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Maternal Mortality in India
USAID and its partner organizations implemented the development impact Utkrisht bond in February 2018. Many believe this is an innovative and cost-effective solution to end preventable maternal and child deaths in India.

The Utkrisht bond is targeted to assist the State of Rajasthan, where 80,000 babies die annually from inadequate medical care. But proponents hope the model can be used throughout India, which accounts for 20 percent of maternal and child deaths globally.

The development impact bond was announced in November of 2017 by USAID Administrator Mark Green at the Global Entrepreneurship Summit in India. It is expected to provide 600,000 women with improved healthcare access and potentially save 10,000 moms and newborns.

The bond works as a public-private partnership. Investors grant providers of maternal care with upfront capital. Then, outcome funders pay back the investors their principal plus a return if pre-agreed metrics are achieved. The investor, in this case, is the UBS Optimus Foundation, which has committed about $3 million. The organization works with philanthropists to bring sustainable benefits to vulnerable children.

Up to 440 private health facilities will then be operated with assistance from Population Services International (PSI) and the Hindustan Latex Family Planning Promotion Trust (HLFPPT), which also are co-investors providing 20 percent of the required capital. PSI is a global health nonprofit and the HLFPPT is an Indian nonprofit that works with maternal care.

In order to maximize success, private facilities are the focus of the Utkrisht bond. They host more than 25 percent of institutional deliveries in Rajasthan and are used by women of all socioeconomic backgrounds, yet little has been done to improve their quality of care.

USAID and Merck for Mothers, a nonprofit with the goal to end maternal mortality, have each committed up to $4.5 million that will be paid if the heath facilities meet accreditation standards. This is a highly cost-effective method to save lives according to World Health Organization standards, which is particularly exciting to USAID.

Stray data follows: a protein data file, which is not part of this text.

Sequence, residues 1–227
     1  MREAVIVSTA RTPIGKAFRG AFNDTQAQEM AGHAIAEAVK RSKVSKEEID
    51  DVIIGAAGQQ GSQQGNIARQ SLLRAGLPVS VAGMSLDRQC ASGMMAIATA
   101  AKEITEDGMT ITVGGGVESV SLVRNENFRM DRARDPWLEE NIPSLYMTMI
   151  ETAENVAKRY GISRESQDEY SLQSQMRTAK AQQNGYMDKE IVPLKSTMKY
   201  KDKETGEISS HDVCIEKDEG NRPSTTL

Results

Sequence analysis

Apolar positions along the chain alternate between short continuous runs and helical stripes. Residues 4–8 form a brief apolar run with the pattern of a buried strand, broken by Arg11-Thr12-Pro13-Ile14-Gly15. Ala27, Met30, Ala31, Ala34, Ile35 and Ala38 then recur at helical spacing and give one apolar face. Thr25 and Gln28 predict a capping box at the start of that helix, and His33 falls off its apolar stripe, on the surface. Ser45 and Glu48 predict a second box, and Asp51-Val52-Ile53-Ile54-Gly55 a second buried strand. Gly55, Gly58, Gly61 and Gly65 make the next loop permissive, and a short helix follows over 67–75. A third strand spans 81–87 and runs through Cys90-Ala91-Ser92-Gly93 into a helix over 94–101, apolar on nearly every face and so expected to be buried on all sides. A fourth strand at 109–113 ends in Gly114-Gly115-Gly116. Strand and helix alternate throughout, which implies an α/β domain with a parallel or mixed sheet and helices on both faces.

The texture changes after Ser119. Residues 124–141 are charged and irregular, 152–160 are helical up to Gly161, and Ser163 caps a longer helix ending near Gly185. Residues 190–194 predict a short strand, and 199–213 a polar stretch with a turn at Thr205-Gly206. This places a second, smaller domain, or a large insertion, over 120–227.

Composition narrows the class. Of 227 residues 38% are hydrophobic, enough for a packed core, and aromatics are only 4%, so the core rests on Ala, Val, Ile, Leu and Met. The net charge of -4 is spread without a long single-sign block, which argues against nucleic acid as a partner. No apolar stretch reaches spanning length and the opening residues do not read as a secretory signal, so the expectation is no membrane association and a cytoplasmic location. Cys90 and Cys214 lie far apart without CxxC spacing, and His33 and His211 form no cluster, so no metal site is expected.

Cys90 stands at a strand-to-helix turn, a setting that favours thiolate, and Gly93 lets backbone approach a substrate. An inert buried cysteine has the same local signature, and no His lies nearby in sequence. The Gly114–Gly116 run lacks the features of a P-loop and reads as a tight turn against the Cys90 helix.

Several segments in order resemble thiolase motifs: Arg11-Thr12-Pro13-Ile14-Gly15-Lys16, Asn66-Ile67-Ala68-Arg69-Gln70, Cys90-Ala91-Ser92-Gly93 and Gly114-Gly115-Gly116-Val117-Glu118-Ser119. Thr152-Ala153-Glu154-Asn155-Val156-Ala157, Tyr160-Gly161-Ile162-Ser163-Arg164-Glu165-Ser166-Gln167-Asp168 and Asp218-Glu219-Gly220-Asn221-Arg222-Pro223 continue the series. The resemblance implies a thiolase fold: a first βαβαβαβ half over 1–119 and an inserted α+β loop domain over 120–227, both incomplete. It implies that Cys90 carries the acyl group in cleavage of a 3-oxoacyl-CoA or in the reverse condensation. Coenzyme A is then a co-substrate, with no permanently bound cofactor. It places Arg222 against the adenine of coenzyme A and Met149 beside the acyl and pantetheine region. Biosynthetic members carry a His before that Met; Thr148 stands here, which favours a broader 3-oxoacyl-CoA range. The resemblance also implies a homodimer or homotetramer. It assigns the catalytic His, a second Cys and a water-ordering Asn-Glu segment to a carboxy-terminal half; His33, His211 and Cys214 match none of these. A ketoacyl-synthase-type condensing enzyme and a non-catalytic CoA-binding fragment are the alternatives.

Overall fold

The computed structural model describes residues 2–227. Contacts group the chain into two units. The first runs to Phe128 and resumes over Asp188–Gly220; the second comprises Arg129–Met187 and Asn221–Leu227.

“The pay for success approach ensures appropriate stewardship of U.S. taxpayer dollars, while unlocking both private capital and government resources for health,” USAID states.

While this is the first development impact bond targeted toward health, the future of the Utkrisht bond looks promising. If it is successful, more initiatives can be implemented that involve private-public cooperation and effective use of taxpayer money to save the lives of many women and children around the world.

– Sean Newhouse

Photo: Flickr

How Foreign Aid Has Advanced Education in IndiaIndia, located in South Asia, has a population of 1.2 billion people and is on its way to becoming the world’s most populous nation by 2030. However, the country still struggles with providing its growing population with access to quality healthcare, potable water, education and clean energy. The education sector in India, in particular, requires special attention, since so much of the nation’s personal and national development is based upon it.